His parents enrolled him at Valley Forge Military Academy, where he began writing. But his first love was acting. When he signed his school yearbook, he signed not only his name, but the names of all the characters he portrayed in school plays. Salinger, it’s later noted, tended to treat everyone in his life, especially his revolving door of younger women, as characters whom he could, to a certain degree, manipulate to do his bidding.
Later his romance with Oona O’Neill, the debutante daughter of playwright Eugene O’Neill, is documented. After Salinger signed up for World War II, he’d brag to his Army friends about the relationship and send her letters daily—that is, until she stopped replying and began seeing Charlie Chaplin. This crushed Salinger, but also perhaps provided some creative inspiration, for it was during World War II that he wrote portions of The Catcher in the Rye, allegedly carrying six chapters of the novel on his person during D-Day to protect him.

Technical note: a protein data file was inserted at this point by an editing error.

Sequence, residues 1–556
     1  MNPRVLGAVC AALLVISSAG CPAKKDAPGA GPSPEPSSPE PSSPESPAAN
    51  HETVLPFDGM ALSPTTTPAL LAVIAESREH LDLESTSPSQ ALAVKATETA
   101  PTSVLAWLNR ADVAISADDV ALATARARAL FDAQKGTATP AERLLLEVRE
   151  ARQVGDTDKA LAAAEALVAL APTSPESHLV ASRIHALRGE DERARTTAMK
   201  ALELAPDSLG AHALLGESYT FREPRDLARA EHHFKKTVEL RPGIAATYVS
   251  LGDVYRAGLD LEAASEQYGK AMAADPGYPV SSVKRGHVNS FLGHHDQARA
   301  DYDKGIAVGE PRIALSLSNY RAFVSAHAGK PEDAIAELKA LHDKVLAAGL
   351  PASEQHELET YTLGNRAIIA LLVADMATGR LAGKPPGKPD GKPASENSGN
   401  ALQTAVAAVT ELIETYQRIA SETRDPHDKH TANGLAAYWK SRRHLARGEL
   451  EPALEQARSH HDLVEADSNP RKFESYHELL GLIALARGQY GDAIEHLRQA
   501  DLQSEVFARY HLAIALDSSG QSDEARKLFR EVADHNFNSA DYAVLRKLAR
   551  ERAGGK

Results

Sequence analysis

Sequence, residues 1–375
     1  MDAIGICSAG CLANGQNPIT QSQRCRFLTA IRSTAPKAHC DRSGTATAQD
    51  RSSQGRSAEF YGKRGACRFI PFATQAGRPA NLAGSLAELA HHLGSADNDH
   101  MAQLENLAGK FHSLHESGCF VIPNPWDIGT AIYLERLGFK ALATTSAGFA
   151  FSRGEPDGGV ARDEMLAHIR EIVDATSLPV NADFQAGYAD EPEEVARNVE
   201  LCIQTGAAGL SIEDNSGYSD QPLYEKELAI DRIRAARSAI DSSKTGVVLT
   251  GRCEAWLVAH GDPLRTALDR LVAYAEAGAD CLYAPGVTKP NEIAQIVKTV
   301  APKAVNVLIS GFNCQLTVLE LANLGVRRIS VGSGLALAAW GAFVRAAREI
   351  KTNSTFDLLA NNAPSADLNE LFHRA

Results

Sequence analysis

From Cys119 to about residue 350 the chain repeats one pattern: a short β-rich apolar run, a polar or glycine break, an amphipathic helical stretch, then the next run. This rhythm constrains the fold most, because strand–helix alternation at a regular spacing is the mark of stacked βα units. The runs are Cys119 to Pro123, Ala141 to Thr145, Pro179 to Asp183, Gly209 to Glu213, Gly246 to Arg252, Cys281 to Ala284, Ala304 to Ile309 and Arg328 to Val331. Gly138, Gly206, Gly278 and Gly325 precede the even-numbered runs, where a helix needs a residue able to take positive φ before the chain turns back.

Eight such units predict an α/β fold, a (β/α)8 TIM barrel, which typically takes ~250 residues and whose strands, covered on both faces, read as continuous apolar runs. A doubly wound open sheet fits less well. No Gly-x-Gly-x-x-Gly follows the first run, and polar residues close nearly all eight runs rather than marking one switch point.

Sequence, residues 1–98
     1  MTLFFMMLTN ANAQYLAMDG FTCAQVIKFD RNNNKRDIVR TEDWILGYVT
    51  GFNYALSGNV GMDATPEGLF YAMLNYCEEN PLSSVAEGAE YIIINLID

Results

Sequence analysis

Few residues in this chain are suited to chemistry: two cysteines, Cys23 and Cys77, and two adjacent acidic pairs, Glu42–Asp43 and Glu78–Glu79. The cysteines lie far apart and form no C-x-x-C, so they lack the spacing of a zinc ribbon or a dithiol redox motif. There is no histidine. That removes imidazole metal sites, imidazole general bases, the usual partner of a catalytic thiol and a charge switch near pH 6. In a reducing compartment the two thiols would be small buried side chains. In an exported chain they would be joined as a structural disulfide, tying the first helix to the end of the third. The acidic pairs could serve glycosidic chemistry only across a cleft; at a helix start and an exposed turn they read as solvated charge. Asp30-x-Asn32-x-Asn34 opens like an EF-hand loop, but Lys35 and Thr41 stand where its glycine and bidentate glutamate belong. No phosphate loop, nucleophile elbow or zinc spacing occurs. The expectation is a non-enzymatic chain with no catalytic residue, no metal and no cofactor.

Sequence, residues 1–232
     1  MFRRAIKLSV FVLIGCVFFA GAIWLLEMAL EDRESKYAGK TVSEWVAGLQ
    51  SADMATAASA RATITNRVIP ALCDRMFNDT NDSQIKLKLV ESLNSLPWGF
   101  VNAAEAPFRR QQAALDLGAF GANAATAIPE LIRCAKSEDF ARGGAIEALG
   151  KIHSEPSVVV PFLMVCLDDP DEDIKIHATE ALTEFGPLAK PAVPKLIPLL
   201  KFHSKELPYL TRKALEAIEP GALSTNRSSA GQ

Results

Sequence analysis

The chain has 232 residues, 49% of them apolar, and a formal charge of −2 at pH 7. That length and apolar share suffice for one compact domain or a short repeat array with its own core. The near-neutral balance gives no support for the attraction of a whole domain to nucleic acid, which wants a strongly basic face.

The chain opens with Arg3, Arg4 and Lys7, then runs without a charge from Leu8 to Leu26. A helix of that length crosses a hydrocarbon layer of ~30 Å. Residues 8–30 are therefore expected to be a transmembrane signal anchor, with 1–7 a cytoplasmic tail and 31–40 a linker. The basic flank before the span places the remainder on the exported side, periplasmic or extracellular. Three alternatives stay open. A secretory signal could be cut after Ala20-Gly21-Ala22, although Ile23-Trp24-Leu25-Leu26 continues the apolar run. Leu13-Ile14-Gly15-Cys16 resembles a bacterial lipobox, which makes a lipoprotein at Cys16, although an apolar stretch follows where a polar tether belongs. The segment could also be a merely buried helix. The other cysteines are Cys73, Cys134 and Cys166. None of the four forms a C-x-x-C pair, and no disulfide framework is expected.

The documentary shows a brief, never-before-seen clip of Salinger in the Army during August 1944. A woman gives the soldier a bouquet of flowers, and Salinger seems so touched, he removes his hat.
“When you reread the work with that in mind, you even realize that The Catcher in the Rye is a disguised war novel.”
But WWII traumatized Salinger. In one letter to a friend he writes, “I dig my foxholes down to a cowardly depth.” After serving 299 days in the army, including participating in D-Day, V-J Day, and the liberation of the concentration camp at Dachau, Salinger—oddly—married a woman named Sylvia, who is a former Nazi. They divorced soon after, and the documentary then chronicles his flings with numerous young women, including Jean Miller, who met Salinger when she was 14 at Daytona Beach. They spent quite a bit of time together, but the relationship didn’t get physical until he took her virginity one night at a hotel in Montreal. Afterwards, he left her.